The NHS is a victim of its success: people are older because they live longer.  You are old at 85 now, not 65.  The NHS provides much better care now than it did in the 1970s, when age restrictions on admission to heart units, and regimented care of the old in hospital, were the norm.  Tiny premature babies, and children with dreadful illnesses, now survive to adulthood and have their own families.  Health care workers are enthusiastic, skilled, and bright, eager to do their best for the patient, and are generally providing brilliant care across the UK, in hospitals, clinics, homes and surgeries.  How can we help them to continue their mission? Which party should they vote for?

Maybe it doesn’t matter.  All political parties, and most doctors, agree that the NHS should be a national, free service, funded mainly by taxation.  All agree it should be well-managed, well-staffed, joined-up, and provide excellent, safe and friendly treatment.  All see the difficulty of continuing to provide such a service in the light of new treatments, and the increasing frailty of the population.   The indications from the Tories and Labour are that they will concentrate on providing flexible home-based care, with more links between ‘care’ and ‘health’.  They plan uplifts to the health budget of a couple of percent, and some refinement of the organisation and management.  The detail differences are not worth going into.

I propose a few alterations.

  1. Make GPs salaried. They are currently independent practitioners, with financial incentives to provide better care.  How about relying on their professional vocation, and take all the ‘business’ out of general practice.
  2. Hospital doctors and GPs should be employed by the same organisation. They should not be forced into loyalty to a building (eg a hospital) but work to a population.  Then the decision-makers are thinking of their patient, not their empire.
  3. For some long term conditions, like diabetes, there is a case for the GP being part of the hospital diabetes team, as the patient has access to more experience and expertise.
  4. Centralise more hospital services. We want safe effective care, and it can only be provided 24 hours a day, if services like acute surgery are in a central location.  The minor inconvenience of travelling is greatly outweighed by the benefit in morbidity and survival.
  5. Expect patients to be more responsible. There is an expectation that the patient will help in their own care.  The NHS Act of 1948 states ‘It is the duty of the doctor AND PATIENT to maintain quality of life’.
  6. Get greater diversity into our doctors. Most are the product of private or grammar schools.  A half of all our schools have admitted no-one to medical school in the last 3 years.  I suggest introducing a 2-year Bachelor of Medical Science degree, followed by 3-6 years of ward and community work as a ‘medical orderly’, learning on the job and being paid (a living wage) for their work.  Training and examination can be built in, with a final exam leading to qualification.  Student debt would not put off the bright entrant from a less privileged background, doctors would be much better at understanding the importance of nursing, and those that found they didn’t like the work could leave with a degree.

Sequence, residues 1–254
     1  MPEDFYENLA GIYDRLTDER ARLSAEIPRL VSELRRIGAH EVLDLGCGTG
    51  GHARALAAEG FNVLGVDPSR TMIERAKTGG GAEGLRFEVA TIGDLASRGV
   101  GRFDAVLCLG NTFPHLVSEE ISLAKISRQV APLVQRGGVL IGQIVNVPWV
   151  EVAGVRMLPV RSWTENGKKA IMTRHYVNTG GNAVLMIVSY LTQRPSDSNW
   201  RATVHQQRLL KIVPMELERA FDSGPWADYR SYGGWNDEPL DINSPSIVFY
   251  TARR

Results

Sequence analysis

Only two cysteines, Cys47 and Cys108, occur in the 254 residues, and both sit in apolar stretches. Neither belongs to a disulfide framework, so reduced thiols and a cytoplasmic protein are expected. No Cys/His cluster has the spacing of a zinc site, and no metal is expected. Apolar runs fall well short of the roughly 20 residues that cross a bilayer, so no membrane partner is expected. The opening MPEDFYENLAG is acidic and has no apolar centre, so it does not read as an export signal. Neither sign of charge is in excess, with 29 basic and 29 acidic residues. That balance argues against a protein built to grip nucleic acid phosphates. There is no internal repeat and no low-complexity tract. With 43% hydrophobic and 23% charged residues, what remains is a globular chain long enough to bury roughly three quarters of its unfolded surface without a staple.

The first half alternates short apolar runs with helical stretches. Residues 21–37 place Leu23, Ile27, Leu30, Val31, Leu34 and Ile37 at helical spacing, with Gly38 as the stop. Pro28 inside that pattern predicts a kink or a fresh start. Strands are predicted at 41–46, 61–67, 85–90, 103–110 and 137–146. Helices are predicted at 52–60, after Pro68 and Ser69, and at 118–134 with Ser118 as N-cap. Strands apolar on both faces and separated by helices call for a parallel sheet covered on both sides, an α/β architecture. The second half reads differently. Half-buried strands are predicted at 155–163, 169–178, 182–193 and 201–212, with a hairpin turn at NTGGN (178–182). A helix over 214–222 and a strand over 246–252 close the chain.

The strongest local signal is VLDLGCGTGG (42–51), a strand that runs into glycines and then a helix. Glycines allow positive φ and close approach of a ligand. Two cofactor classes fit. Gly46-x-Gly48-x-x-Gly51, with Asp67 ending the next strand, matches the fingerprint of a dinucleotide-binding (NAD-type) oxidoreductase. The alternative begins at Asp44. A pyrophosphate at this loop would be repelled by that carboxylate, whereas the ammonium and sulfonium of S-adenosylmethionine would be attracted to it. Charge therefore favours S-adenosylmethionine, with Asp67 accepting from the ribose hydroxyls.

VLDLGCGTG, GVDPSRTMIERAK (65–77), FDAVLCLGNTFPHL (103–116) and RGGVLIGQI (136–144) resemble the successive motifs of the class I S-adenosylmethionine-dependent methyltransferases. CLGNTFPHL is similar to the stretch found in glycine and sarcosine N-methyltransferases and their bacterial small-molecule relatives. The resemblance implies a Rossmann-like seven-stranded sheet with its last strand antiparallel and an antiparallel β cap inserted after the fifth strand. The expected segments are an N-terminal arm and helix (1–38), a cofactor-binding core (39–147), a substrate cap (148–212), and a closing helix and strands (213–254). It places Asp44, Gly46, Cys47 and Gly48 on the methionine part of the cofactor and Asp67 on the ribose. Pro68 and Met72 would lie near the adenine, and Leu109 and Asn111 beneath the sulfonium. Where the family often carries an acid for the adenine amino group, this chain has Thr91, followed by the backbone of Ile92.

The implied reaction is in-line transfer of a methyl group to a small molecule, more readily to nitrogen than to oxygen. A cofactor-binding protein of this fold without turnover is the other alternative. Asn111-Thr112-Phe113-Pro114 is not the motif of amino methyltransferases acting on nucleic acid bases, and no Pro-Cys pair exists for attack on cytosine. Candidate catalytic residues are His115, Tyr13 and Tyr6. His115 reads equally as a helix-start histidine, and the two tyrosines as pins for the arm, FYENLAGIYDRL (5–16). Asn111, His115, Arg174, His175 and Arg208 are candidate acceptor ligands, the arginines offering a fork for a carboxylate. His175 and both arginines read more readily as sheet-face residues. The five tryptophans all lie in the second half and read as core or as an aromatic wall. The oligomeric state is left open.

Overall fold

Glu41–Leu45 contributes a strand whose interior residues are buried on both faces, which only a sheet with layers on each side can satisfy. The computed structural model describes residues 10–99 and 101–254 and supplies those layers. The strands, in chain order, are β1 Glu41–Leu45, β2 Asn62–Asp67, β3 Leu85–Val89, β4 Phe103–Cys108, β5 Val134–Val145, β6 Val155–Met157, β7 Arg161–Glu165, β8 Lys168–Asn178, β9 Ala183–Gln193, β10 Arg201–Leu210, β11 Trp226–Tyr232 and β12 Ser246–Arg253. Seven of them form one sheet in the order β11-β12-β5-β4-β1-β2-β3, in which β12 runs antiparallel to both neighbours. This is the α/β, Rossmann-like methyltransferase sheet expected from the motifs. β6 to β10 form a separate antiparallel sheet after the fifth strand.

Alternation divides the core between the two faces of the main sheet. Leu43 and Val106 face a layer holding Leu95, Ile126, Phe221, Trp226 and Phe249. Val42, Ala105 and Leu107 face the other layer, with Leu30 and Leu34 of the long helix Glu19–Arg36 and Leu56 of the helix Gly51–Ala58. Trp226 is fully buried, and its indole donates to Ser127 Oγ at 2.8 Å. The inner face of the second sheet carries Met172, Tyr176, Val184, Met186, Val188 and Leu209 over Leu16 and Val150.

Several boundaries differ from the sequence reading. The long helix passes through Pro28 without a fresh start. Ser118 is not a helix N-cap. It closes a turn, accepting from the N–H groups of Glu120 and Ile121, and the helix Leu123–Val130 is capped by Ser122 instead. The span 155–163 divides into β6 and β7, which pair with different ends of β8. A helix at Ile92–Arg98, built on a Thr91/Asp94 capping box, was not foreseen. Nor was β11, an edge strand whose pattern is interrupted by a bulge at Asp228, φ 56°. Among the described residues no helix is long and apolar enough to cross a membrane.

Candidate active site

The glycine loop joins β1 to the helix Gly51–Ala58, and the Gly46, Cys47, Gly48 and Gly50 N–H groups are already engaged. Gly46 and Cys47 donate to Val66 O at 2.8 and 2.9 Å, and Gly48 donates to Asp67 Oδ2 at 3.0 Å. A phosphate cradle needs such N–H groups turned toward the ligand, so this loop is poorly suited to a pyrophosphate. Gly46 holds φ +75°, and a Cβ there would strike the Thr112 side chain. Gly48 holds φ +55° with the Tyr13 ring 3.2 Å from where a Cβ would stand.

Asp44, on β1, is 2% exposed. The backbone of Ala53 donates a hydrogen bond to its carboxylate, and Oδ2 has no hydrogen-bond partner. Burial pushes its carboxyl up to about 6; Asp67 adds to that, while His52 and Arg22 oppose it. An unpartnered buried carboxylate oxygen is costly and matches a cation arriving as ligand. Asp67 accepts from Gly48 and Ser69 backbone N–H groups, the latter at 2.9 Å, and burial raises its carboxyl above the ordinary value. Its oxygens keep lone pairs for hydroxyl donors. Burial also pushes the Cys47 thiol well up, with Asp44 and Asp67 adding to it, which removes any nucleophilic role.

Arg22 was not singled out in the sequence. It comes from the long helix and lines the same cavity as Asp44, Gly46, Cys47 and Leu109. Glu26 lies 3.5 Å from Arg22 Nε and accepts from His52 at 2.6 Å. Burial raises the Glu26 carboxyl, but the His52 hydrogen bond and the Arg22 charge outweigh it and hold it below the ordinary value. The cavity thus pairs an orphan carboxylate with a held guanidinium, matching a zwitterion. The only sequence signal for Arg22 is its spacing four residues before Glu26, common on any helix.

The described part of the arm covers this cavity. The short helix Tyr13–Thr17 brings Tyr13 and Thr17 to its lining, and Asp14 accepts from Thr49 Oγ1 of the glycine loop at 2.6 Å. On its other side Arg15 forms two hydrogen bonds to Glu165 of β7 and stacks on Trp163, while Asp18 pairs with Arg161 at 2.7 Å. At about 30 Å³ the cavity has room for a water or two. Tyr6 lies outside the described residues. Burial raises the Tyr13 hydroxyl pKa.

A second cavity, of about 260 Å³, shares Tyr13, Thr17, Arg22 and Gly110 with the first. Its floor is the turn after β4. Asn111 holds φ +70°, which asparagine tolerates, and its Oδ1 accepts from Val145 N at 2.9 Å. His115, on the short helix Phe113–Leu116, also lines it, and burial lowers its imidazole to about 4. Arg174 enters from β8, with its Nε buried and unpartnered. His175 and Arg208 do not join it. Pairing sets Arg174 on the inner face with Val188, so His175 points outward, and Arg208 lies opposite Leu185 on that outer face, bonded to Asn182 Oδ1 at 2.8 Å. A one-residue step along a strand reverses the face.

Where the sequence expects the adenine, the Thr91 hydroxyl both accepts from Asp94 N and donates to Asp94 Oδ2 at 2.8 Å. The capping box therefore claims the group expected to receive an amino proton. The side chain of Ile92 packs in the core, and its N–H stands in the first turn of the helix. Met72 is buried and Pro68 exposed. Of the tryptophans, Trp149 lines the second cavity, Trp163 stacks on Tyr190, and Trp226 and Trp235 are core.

7. Start being nice to hospital managers. These are people with just as much desire for good outcomes for the patients they are responsible for.  They use a different language, and are pushed into focussing on the money by external forces like government, rather than their own wishes.
  8. Doctors with a private practice should expect a part-time NHS practice. Rather like MPs, it should be difficult to see how a full-time NHS doctor has the time for a significant amount of private work.  If their working hours are too long, then their performance will be affected.
  9. Get the political parties to see what they agree on, for health services, before discussing what they disagree on, and before denigrating the opposition’s health plans. I believe there is as much wish in political circles, for good health outcomes, and they might just find that national agreements are possible.
  10. Get all major parties sign up in law to a 10-year financial and manpower plan for the NHS, so that we can plan ahead. It is more important to know what is going to happen, than what happens, in the NHS.

These proposals might work, they might not.  None of them would cost much.  Why don’t we pilot one or all of them?  Call it a Ten Year Plan for the NHS.

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